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UDP, reliable *un*ordered?

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Its well known how to implement reliable, ordered UDP using basic sequence numbering, but i'm trying to get my head around how one might implement a reliable unordered method. I'll keep on thinking, and post up if I come up with any ideas, I get the feeling I'm missing something really simple here :|

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It's not that different. Each packet is marked with a sequence number, and each sequence number is acknowledged, potentially out of order. The sender keeps a list of acked messages, and re-sends every once in a while. Note that you'll need to ack the acks to make sure that there's no problem with lost return packets (but you don't need to ack the acks of the acks :-)

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Thanks, thats sounds perfectly reasonable :)

I think my problem was I was trying to be too clever, e.g trying to avoid ack'ing every packet, with sequenced its possible just to ack the last in sequence packet.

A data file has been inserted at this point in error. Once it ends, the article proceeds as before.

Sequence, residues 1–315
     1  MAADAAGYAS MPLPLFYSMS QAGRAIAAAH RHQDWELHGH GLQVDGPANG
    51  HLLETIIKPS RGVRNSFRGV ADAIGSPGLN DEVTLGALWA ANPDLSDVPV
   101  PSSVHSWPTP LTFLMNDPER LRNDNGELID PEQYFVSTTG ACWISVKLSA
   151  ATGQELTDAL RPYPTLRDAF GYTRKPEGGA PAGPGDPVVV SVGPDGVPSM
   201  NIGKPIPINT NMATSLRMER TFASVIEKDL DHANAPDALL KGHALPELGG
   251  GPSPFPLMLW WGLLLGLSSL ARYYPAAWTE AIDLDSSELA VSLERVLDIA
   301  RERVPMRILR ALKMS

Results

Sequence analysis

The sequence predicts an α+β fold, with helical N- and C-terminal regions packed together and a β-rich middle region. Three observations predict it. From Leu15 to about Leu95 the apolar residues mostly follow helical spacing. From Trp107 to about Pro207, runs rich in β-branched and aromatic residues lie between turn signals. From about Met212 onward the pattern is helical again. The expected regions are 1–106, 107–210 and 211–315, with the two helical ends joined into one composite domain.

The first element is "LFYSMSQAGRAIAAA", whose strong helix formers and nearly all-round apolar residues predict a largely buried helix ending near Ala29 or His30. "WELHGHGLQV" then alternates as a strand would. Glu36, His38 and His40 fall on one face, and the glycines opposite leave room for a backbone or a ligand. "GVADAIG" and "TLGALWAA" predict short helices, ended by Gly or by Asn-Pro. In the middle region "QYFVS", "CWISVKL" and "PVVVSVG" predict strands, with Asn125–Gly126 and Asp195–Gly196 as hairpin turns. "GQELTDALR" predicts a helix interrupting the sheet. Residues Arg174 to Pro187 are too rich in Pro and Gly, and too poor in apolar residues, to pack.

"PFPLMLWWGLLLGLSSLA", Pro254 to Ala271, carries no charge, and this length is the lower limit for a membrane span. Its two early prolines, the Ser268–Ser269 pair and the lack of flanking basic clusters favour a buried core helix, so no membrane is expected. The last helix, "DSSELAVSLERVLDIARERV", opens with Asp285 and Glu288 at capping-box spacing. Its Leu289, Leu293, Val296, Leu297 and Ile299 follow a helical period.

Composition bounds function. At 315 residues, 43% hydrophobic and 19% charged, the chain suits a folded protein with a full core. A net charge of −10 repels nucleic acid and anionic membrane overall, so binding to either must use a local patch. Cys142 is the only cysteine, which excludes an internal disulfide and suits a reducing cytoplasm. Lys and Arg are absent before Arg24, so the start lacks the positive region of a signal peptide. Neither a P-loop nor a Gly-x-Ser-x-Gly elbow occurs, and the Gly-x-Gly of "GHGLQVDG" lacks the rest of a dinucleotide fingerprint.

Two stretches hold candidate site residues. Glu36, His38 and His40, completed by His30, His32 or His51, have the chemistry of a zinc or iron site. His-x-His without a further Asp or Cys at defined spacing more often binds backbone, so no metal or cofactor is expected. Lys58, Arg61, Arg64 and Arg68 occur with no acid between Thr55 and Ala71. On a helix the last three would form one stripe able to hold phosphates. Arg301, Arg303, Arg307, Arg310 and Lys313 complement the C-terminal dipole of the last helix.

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For implementation details, what you want to do is send many messages in a single UDP packet. Some of those are reliable ordered, some are reliable unordered, some are unreliable ordered, and some are unreliable unordered.

The trick is to only put a sequence number on the UDP packet, not each individual message. This sequence number is of course monotonously increasing. The recipient then acks only entire packets, not individual messages. It can do this with a "last received" and a small bitmask of messages recevied before the last received. For simplicitly, your window size can be the number of bits in your bit mask (typically 8 or 16 packets).

The sender then maps message numbers to UDP packet numbers, and keep that table in RAM while the outstanding packets are still desired/live. As long as the recipient discards packets that are out of window (and, technically, the window has to have a "slop" of at least one to allow for it to grow), you'll be fine.

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